Part of the story to counter the propaganda of the Tudors is the view that Richard promised to be an exceptionally good ruler. The brevity of Richard's reign make an assessment difficult – and yet despite this it is possible to point to real innovation and achievement in law and justice, and to substantiate Richard's desire to protect the more powerless in his kingdom.
Richard and the coronation oath
There was little radical about Richard III, who saw his responsibilities very much in the time honoured tradition, and had not changed significantly since the time of King Edgar and Dunstan:
First, that the church of God and the whole Christian people shall have true peace at all time by our judgment; Second, that I will forbid extortion and all kinds of wrong-doing to all orders of men; Third, that I will enjoin equity and mercy in all judgments
Defender of the Church and Religion
Richard appears to have been traditionally pious – or somewhat more than was traditional. Certainly his behaviour as Duke of Gloucester and as king demonstrated his commitment. He was keen to impress on the clergy their responsibilities. In 1484 he published an open letter to his bishops:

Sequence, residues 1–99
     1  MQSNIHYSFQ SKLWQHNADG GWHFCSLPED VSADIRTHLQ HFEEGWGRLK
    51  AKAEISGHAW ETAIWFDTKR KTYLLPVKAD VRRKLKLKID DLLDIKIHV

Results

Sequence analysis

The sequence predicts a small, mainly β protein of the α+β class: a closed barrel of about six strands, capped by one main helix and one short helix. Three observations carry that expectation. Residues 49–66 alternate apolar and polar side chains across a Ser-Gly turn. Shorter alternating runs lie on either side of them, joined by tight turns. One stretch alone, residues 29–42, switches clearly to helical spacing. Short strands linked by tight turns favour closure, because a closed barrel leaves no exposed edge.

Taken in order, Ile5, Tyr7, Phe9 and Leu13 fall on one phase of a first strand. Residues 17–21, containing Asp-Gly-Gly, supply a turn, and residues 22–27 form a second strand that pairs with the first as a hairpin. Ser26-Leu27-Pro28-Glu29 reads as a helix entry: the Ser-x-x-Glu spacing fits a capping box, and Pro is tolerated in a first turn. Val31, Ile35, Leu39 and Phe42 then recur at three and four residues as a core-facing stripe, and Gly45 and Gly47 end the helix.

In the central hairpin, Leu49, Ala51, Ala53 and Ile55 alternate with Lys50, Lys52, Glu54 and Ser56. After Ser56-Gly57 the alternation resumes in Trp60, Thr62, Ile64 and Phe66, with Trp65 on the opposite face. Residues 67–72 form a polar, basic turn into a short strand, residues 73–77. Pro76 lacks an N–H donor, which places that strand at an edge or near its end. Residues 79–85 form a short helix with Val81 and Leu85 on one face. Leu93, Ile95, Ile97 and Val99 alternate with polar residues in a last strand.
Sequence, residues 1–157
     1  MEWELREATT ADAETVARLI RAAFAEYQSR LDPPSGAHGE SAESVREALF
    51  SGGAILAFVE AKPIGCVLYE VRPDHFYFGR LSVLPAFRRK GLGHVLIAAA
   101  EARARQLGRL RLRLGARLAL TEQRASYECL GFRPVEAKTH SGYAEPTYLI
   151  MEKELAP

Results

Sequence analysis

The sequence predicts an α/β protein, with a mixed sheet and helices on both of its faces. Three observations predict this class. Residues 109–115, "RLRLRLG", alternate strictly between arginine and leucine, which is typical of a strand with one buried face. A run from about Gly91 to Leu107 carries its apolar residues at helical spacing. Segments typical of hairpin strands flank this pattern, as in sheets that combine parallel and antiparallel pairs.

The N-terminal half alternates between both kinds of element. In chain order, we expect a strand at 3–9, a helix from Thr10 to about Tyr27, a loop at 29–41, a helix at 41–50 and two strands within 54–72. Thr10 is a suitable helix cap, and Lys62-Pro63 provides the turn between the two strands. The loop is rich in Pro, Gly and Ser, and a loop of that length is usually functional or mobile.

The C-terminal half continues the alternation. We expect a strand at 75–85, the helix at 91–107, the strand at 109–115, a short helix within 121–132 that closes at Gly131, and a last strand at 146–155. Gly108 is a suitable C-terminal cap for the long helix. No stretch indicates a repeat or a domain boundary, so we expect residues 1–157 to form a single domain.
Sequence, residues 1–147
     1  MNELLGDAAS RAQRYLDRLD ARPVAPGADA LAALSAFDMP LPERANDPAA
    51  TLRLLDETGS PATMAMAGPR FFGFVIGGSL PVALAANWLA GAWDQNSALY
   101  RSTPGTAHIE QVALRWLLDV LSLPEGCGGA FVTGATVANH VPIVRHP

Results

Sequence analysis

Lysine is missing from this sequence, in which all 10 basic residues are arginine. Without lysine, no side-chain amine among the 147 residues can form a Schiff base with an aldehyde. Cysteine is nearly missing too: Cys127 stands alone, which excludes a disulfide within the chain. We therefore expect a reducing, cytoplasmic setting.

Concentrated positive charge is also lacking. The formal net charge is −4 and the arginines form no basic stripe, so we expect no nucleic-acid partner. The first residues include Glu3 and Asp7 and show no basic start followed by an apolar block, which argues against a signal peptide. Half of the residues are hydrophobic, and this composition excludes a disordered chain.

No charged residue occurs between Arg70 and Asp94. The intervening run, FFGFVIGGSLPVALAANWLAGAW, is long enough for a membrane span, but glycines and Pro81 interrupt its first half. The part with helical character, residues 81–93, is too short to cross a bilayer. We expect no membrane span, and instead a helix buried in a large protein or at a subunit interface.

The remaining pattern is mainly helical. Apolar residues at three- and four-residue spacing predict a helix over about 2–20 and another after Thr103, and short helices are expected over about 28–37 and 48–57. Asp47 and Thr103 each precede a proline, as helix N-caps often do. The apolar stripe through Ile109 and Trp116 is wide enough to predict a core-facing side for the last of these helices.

"…amongst other our secular businesses and cures, our principal intent and fervent desire is to see virtue and cleanness of living to be advanced, increased and multiplied, and all other things repugnant to virtue, provoking the high indignation and fearful displeasure of God, to be repressed and annulled."
Richard made the traditional donations and grants to religious institutions, and of education – particularly Queen's college Cambridge.
Lover of Justice – the parliament of 1484
Richard brought with him the reputation of good governance from the north, and indeed claimed the throne by sitting on the king's throne in Westminster hall and delivering a lecture to the king's justices. After Buckingham's rebellion, Richard issued a proclamation:
"the king's highness is fully determined to see due administration of justice throughout this his realm to be had and reform, punish and subdue all extortions and oppressions in the same. "
This interest continued through his reign, and forms the most commonly referenced basis for the image of Good King Richard – particularly in his one parliament of 1484.
It is not clear which of the acts were initiated by Richard, and which from the lords and commons; but then Richard at all times had power of veto, and therefore surely claims credit anyway. There were xxx particularly relevant acts from the 16 enacted at the parliament.
Fairness in land purchase: buying land in days medieval was complicated by the principal that the King was in theory the only landowner in his kingdom. Despite a well established market for buying and selling land, law was therefore complex and open to abuse; in particular feudal fines and dues were often hidden from the buyer – which could even include the land being entailed away. Richard's parliament sought to ensure that buyers of property had effective title to land they bought, and that all fines and dues had to be made fully public.